Survey shows widesread scepticism about diagnoses of condition
More than three quarters of healthcare professionals believe that the current system of diagnosing whiplash is ‘very open’ to fraud, according to a new survey.
The research, which was commissioned in the lead up to a conference held in London yesterday on the issue, says that 47% of GPs who currently provide medical personal injury reports believe that the current system encourages the diagnosis of whiplash for maximum gain.
And it finds that 88% of GP’s believe that not every claim should be labelled as whiplash and a new grading system for injury should be used instead.
The conference was presented with new guidelines on diagnosing whiplash associated disorders, which were drawn up by senior professors and stakeholders based on the latest clinical research.
The guidelines will be presented to ministers in a bid t develop a new consensus on how whiplash should be diagnosed and treated.
The seminar’s chair Dr Nick Kendall, an expert in musculoskeletal problems, said: “With over 1600 whiplash claims a day, despite improved road safety and fewer reported crashes, something has clearly gone wrong with the current system.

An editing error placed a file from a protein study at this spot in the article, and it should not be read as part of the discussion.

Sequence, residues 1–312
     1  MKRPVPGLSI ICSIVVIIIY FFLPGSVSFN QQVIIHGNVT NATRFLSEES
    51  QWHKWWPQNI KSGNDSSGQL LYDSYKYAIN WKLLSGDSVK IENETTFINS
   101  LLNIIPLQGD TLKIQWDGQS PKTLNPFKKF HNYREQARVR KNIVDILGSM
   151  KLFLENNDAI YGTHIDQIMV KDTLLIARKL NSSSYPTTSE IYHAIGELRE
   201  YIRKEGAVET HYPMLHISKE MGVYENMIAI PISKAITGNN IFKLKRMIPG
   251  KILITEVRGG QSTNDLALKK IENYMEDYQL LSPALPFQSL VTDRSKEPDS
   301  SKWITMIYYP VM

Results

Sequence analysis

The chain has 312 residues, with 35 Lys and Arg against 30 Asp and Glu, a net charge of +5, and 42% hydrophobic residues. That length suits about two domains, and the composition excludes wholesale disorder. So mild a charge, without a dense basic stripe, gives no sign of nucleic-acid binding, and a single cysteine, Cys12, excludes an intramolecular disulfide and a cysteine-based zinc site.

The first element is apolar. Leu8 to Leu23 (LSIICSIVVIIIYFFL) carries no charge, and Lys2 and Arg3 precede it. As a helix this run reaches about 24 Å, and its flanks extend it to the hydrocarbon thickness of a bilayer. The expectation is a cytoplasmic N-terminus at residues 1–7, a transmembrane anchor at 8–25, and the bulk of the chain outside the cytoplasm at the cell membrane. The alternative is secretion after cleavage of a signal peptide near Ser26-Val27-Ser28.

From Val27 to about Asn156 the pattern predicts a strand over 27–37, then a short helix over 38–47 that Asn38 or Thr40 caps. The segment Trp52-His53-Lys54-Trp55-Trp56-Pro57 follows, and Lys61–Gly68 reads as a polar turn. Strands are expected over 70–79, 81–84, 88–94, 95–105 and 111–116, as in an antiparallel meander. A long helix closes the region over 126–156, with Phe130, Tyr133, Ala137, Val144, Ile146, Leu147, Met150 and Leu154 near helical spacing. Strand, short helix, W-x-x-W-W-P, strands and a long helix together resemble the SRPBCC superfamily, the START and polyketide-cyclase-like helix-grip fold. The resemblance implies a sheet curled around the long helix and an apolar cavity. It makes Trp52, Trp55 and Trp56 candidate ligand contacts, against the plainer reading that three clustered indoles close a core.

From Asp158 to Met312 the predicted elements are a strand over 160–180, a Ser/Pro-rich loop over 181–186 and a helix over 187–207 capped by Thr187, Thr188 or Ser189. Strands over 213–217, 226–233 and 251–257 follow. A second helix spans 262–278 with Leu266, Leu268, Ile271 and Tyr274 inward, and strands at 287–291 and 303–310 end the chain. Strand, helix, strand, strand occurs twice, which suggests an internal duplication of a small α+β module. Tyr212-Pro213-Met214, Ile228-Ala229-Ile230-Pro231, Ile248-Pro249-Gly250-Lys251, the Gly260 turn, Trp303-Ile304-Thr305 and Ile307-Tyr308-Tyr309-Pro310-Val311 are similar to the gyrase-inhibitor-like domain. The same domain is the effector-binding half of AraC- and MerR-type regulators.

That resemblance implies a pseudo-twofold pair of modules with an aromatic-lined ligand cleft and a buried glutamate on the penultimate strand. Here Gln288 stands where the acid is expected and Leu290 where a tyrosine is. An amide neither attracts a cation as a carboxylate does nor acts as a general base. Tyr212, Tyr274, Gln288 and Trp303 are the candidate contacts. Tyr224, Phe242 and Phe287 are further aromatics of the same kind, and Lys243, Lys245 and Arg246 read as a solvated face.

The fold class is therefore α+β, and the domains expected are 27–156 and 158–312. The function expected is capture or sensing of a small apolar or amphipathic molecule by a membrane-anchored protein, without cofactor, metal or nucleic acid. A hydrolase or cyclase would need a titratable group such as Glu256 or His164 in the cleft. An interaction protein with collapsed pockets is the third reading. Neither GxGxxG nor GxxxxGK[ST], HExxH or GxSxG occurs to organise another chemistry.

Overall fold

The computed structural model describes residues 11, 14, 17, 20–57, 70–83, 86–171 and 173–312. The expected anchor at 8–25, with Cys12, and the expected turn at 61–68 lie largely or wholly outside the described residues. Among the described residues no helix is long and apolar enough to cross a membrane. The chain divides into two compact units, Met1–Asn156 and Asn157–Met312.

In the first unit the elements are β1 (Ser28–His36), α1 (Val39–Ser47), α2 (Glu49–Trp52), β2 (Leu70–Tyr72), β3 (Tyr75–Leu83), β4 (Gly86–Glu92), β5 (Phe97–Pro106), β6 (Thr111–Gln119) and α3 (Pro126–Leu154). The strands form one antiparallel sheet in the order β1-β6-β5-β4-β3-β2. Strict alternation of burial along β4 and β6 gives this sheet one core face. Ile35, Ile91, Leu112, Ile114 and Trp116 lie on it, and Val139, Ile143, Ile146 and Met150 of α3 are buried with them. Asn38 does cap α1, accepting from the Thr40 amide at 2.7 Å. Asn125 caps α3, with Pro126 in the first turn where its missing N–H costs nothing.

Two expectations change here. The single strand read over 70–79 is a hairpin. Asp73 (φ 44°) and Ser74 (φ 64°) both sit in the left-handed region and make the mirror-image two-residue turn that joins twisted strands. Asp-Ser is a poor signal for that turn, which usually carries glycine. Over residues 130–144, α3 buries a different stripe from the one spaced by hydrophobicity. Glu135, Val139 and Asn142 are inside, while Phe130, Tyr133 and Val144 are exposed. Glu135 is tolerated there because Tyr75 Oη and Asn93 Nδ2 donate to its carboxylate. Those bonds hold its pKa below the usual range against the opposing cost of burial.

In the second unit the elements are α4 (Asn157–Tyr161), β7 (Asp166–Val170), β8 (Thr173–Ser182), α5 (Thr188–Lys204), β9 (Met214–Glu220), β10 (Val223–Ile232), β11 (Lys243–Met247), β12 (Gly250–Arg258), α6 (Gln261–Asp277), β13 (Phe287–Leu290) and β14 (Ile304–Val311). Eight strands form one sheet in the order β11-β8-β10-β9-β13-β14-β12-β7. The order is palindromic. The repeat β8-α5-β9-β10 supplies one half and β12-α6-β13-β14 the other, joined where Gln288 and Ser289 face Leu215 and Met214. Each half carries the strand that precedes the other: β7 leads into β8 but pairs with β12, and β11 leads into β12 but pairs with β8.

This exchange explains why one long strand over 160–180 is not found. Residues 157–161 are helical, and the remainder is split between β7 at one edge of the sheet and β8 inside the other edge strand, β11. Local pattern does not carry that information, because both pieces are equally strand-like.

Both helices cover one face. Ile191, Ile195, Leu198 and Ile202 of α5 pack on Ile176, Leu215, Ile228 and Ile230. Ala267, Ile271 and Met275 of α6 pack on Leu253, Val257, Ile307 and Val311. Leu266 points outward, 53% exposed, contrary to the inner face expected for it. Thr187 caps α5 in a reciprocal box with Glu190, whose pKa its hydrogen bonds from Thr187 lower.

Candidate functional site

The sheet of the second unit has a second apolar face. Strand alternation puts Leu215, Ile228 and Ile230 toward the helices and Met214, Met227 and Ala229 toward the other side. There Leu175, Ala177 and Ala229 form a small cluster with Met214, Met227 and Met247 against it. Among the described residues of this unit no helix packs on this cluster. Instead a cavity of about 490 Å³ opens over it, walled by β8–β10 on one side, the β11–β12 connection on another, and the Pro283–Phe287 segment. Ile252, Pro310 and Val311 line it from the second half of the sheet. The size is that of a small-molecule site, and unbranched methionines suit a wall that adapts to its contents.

Urgent attention needs to be focused on more robust diagnosis, the claims process, and suitable treatment pathway. This is consistent with the recent statement from Jack Straw that ‘whiplash diagnoses were delivered by third rate doctors, in the pay of claims management companies or personal injury lawyers’.
“The survey findings and seminar content will make uncomfortable reading for some. However, it is clear that the majority of clinicians providing reports and treatment are suggesting reasonable and practical alternatives to the current system, and these put the needs of injured people centre stage.
“A change in the prevailing culture is necessary, and in in the interests of all stakeholders. We need a culture that minimises opportunistic claims and fraud, and that delivers the best diagnosis, treatment, and rehabilitation by focusing on the best clinical outcomes and with considerably less emphasis on compensation”.